On the day after the Justice Committee urged the Scottish Government to think again on scrapping corroboration, and Mr MacAskill responded by appointing former judge Lord Bonomy to chair an expert panel looking at additional safeguards for the rights of accused, the row rumbled on.
Rape Crisis Scotland and individual campaigner Mary Ann Davison had been critical of the Justice Committee, which said in its Stage 1 report this week that Mr MacAskill had failed to make the case for abolition of the requirement for corroboration, the historic rule that evidence must come from more than one source.
Sandie Barton, national co-ordinator of Rape Crisis Scotland, said: "Until the justice system is able to respond to more than the small minority of reported rapes which currently make it to court, rape survivors will continue to feel let down by the Scottish justice system. The Justice Committee has failed to stand up for survivors of sexual violence."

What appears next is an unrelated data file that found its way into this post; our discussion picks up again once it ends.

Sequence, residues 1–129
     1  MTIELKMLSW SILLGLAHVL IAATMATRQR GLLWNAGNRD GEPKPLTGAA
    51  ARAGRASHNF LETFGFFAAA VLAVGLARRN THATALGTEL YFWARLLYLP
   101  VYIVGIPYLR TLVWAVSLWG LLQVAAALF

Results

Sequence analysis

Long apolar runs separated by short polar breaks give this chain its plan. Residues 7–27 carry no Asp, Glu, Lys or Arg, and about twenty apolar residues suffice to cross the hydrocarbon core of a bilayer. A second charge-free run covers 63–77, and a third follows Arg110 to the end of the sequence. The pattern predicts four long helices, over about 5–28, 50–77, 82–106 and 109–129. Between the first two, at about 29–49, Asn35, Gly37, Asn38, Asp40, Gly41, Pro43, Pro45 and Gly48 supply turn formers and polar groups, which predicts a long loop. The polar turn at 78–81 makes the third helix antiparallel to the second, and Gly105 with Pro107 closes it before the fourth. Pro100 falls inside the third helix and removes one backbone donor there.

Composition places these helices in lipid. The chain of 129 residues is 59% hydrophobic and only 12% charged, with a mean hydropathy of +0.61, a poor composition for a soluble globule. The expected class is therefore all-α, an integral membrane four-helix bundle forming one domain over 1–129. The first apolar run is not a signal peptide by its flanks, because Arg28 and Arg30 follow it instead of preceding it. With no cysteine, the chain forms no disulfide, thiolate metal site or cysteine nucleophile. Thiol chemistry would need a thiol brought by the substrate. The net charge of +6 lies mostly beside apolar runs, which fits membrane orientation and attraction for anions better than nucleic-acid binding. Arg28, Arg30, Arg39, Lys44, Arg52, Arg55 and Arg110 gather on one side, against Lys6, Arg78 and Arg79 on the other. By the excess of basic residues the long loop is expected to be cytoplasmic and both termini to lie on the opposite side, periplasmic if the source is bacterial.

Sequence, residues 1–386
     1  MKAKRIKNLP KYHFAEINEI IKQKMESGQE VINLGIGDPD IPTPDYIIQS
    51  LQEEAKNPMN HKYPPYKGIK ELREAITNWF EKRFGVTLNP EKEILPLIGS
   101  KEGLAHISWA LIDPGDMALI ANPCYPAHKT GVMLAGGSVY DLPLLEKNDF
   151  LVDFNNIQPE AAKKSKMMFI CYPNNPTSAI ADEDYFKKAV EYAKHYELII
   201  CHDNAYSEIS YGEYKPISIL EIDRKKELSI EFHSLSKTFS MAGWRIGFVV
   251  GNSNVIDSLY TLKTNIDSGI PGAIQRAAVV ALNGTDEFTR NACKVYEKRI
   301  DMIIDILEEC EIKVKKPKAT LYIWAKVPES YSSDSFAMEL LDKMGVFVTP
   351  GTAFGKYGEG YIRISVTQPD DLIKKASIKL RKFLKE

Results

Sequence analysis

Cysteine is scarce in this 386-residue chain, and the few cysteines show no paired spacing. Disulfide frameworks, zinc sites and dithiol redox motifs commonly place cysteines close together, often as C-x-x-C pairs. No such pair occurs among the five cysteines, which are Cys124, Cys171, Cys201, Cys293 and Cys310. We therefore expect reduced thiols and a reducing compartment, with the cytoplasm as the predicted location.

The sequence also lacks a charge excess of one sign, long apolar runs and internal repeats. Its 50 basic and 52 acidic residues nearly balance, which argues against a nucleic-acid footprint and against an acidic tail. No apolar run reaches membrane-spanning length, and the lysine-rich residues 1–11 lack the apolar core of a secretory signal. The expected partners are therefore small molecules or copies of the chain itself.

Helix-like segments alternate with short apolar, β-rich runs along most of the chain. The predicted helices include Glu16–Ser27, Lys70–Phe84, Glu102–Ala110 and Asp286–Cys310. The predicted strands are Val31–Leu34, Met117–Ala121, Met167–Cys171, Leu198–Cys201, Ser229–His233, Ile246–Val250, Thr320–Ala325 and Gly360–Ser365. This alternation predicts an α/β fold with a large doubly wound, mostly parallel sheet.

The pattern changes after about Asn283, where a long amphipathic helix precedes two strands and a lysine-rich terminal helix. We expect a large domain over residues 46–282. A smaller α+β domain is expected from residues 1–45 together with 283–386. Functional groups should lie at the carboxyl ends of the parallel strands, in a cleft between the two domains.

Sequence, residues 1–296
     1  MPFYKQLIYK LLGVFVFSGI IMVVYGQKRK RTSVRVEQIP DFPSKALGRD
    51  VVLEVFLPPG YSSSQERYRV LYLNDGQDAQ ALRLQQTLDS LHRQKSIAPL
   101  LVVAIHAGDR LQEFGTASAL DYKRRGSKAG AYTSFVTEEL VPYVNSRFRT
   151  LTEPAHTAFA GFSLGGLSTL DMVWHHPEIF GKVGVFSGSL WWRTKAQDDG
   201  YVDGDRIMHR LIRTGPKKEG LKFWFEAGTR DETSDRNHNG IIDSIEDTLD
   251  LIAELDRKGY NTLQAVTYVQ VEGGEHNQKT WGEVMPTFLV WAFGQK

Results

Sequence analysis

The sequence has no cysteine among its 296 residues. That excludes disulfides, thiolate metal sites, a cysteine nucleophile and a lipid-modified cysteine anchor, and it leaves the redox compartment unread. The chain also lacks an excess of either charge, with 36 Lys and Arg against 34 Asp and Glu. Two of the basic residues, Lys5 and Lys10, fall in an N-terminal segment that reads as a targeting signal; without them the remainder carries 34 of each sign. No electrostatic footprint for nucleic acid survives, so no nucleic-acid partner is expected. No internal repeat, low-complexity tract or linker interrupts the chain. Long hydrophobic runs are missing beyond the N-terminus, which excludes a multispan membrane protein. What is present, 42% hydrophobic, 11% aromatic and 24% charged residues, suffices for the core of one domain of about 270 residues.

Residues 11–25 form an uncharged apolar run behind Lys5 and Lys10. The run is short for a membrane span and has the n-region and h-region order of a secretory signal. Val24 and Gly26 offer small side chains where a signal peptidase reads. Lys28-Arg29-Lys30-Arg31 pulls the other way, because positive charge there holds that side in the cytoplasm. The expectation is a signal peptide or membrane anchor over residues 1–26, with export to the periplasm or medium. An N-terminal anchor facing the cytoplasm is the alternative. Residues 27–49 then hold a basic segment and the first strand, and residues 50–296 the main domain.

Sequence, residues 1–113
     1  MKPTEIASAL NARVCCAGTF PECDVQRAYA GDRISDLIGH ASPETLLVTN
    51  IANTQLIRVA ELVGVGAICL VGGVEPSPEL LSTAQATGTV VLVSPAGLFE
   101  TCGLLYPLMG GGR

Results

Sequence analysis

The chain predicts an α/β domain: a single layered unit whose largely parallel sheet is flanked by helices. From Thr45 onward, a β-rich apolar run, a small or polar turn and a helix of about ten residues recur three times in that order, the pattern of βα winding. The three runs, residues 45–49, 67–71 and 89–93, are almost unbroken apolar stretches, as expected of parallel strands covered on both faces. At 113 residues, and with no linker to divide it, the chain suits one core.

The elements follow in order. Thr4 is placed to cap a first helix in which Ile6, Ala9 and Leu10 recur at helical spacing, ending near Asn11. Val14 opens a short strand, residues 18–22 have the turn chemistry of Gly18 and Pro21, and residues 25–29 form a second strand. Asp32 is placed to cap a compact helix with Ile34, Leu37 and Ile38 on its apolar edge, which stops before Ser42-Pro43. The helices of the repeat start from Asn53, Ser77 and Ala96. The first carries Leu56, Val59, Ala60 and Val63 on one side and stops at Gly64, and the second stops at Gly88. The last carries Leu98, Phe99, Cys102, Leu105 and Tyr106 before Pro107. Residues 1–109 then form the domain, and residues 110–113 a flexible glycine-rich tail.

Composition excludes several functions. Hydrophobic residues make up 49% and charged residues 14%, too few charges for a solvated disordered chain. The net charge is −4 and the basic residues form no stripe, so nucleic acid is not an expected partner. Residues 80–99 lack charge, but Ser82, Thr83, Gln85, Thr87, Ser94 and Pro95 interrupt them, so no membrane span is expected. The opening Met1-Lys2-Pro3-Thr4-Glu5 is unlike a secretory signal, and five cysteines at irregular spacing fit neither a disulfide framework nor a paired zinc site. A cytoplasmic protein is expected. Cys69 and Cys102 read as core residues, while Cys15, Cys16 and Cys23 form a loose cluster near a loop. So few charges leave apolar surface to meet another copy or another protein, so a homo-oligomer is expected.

Ms Davison, whose experience at the centre of a rape case led to a change in the law over the use of physical force, met Mr MacAskill last week to encourage him to press ahead with his reforms.
She said: "Victims of crime are not seeing justice done, and this, to me, is as much a miscarriage of justice as it is to see an innocent person go to jail."
But Mr Salmond said: "It is not a quick fix, it is a distinguished judge who is looking to make absolutely certain that as this change is made, appropriate safeguards are there to prevent miscarriages of justice."